Italian authorities accuse Tony Vallelonga, the former mayor of the Perth suburb of Stirling in Western Australia, of Mafia association, and "anti-mafia prosecutor Nicola Gratteri told media that 'in a few days' a request for Mr. Vallelonga's extradition would go to the Australian Embassy and an Australian court and judge" as reported by Paul Lampathakis for The Sunday Times. Degenerating into cry baby mode Vallelonga denies the accusations, and "his legal team will write to the Commonwealth Director of Public Prosecutions and the Australian Federal Police this week, asking that Mr. Vallelonga not be taken into custody if the case escalates."
Vallelonga was accused pursuant to an international raid last week against the 'Ndrangheta or Calabrian Mafia. According to Italian investigative documents Vallelonga travelled to Italy in 2009, and on August 21 "met Siderno boss Giuseppe Commisso and his lieutenant Carmelo Muia" as reported by Sean Cowan for The West Australian: "The police brief includes the transcript of one alleged conversation between Mr Vallelonga and Mr Commisso in which they discussed the involvement in 'Ndrangheta of a man named Giovanni Vallelonga." Mayor Vallelonga says he "'would have' met Mr Commisso, but would not have discussed anything illegal." The alleged meeting between the reputed mobsters and Vallelonga apparently was recorded, and no doubt its content eventually will come out in the wash.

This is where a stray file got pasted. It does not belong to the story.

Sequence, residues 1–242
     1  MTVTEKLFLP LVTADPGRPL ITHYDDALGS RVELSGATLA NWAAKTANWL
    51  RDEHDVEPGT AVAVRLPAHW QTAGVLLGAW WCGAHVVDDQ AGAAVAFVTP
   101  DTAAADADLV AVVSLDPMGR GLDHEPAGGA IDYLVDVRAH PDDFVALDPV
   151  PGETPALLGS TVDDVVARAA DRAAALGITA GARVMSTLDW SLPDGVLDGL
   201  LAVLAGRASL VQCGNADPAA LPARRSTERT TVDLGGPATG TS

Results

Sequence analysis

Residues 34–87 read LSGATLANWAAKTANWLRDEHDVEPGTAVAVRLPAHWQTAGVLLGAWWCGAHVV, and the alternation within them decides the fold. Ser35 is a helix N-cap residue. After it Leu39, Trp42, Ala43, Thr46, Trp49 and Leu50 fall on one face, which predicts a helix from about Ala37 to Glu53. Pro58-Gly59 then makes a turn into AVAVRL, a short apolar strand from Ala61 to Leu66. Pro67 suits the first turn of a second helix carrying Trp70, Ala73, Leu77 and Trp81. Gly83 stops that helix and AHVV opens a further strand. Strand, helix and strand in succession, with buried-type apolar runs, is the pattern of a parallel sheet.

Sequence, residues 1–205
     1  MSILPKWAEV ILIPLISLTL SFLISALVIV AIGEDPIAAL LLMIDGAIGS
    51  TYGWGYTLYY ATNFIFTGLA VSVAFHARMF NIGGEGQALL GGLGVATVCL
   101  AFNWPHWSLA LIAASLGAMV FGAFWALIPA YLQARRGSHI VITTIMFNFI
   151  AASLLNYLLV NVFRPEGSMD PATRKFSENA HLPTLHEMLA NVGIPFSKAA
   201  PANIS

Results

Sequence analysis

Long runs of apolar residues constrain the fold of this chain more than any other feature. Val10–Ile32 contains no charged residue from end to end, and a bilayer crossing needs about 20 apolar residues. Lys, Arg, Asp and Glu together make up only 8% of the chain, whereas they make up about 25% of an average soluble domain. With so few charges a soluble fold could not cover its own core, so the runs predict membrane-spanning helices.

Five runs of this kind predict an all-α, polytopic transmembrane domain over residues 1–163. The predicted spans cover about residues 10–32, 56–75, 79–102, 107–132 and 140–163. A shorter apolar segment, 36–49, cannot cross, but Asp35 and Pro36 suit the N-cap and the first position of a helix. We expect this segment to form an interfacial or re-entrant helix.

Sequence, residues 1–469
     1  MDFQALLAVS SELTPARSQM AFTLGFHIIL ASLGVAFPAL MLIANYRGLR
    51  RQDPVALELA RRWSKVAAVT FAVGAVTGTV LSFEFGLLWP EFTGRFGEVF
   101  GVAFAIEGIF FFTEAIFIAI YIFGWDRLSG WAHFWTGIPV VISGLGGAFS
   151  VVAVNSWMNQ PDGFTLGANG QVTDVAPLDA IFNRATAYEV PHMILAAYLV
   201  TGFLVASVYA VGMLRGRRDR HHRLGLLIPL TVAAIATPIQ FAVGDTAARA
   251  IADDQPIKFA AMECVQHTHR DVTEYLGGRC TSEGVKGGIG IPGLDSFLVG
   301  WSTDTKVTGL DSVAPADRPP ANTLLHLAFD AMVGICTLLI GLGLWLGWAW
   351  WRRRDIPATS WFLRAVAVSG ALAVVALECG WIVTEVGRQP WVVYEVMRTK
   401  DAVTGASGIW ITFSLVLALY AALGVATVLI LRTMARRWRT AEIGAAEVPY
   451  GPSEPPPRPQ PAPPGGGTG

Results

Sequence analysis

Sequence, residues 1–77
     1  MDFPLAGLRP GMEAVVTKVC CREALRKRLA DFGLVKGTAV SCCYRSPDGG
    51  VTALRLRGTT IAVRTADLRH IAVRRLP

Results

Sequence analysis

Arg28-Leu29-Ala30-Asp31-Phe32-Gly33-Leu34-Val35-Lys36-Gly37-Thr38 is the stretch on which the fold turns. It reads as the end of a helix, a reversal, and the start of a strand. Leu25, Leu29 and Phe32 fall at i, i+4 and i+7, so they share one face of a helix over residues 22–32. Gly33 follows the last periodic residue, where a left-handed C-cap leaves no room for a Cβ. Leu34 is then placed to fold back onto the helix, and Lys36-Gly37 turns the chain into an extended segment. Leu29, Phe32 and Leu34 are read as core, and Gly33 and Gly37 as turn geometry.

In any event, let this be a warning to public officials and business executives: you will be judged by the public for the company you keep, and if you lay down with dogs don't cry about getting fleas. Many in the public do not believe that its leaders should be rubbing shoulders with mobsters in any context or under any circumstance because at the very least the association creates an appearance of impropriety and confers legitimacy upon the underworld.
Meanwhile, the Australian government long has had its proverbial head in the sand concerning the extensive role of the 'Ndrangheta in trafficking cocaine in its country. Indeed, in a reckless and inexplicable move, in 2002 Australia closed its federal police liaison post in Rome, Italy which compromised the fight down under against the Mafia as reported by Richard Baker and Nick McKenzie for The Age.